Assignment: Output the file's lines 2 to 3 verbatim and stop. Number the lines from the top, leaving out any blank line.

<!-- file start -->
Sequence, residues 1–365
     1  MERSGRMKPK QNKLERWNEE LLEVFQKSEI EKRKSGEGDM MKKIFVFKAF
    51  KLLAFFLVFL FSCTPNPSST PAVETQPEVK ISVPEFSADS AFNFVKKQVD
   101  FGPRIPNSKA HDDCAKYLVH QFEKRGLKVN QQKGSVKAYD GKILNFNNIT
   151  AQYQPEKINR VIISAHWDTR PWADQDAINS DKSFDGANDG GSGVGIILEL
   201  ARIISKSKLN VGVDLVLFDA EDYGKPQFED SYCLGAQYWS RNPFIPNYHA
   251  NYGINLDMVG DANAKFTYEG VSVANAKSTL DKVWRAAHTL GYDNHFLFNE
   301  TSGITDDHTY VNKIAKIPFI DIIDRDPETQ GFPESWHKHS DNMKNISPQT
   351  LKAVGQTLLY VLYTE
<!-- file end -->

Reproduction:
     1  MERSGRMKPK QNKLERWNEE LLEVFQKSEI EKRKSGEGDM MKKIFVFKAF
    51  KLLAFFLVFL FSCTPNPSST PAVETQPEVK ISVPEFSADS AFNFVKKQVD